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Abram looked like a healthy baby. But frequent infections and fever spikes of up to 106 degrees frightened his parents and baffled his doctors in St. Louis, Missouri. As Abram grew, the fevers came every four to six weeks, coupled with excruciating joint pain that made it difficult for him to walk or even play. A diagnosis with a rare fever disorder finally brought Abram to the National Institutes of Health. Thanks to your support of The Inn, Abram looks forward to every visit to the NIH where he gets one-of-a-kind medical care.
“A rare disease is just a very weird beast,” Abram’s mom says. “It’s overwhelming and confusing.”
Doctors at the National Human Genome Research Institute (NHGRI) admitted Abram to a natural history study that allows them to learn more about the little-understood autoinflammatory disease.
“Abram is part of a natural history protocol where we see patients from infants to the elderly with autoinflammatory diseases,” says Dr. Amanda Ombrello, an associate research physician, Inflammatory Disease Section at the National Human Genome Research Institute’s Metabolic, Cardiovascular and Inflammatory Disease Genomics Branch.
“We do specific genetic testing to see if we can identify the pathways or maybe even the gene that is causing his symptoms. We also work toward finding an effective treatment, so patients can be more active – and Abram can go back to school and get back into the sports that he so loves.”
Abram and his mom, Julia, meet with Dr. Amanda Ombrello at the NIH Clinical Center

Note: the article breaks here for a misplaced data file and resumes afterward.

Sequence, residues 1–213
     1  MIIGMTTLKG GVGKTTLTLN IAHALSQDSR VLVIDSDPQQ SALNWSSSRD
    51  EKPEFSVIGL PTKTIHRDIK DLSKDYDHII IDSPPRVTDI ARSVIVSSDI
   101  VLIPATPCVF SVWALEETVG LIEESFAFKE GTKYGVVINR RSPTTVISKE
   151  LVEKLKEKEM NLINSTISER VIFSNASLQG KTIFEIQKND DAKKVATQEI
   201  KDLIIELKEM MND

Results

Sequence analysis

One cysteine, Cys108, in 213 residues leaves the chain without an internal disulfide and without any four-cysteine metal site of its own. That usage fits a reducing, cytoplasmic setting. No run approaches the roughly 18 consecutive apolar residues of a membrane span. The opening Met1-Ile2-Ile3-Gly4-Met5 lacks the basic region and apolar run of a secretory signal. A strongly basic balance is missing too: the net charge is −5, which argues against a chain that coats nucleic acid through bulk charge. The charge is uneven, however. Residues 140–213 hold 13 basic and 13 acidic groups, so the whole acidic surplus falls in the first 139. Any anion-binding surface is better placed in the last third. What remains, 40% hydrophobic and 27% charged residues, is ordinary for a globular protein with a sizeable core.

Abram’s family hopes genetic testing will help steer doctors toward an effective treatment that one day may not only help Abram but also other children like him.
“The Children’s Inn has really helped us through this journey,” Jeremy says. “They take care of everything for us, so we don’t have to worry about trying to find a place to stay when we get here or trying to find something for him to do outside of his appointments to take his mind off. The staff is always great. Once we walk through the door, it’s so relaxing; it takes a lot off our plate. It really feels like home once we get here.”
“I don’t worry about anything else – from doing laundry to dinner, to keeping Abram’s mind off what he is going to deal with the next day,” Abram’s mom adds. “He doesn’t dread anything he is going to face as part of his trial. He looks forward to every visit because he loves coming here so much. I’m forever grateful for that. To have no worries about our arrangements – I’m forever grateful.”
Helping others and The Children’s Inn is important to Abram. He loves doing arts and crafts at The Inn, especially painting flower pots to be auctioned off at The Inn’s fundraising events. “My friends are sick. The Inn makes them happy, even when they’re really sick. I want to help,” he says.
In 2017, during his first of eight visits to The Inn, Abram refused painful injections administered by his parents — unless Zilly, The Inn’s therapy dog, would sit by him. Zilly did, and with her support, Abram finished taking the injections. Impressed by her gentle and supportive nature, Abram’s parents reached out to Zilly’s breeder. Abram named his own therapy dog Zilly.
Recently, Abram has had to stop playing ball entirely. But thanks to Washington Area Toyota Dealers, an Inn supporter, Abram got back on the pitcher’s mound this summer for the chance of a lifetime: to throw the first pitch at a Washington Nationals game. “It was the best day of my life,” Abram beams.
Photo by Paul Kim of the Nationals.
Your support allows Abram and families like his to stay comfortably at The Children’s Inn, so they can focus on their children’s medical care without worrying about lodging, food, their children’s education or family activities.
Additionally, Abram’s story, along with footage of his pitch at the Nationals game, was recently featured on NBC4. Read the story here or watch below: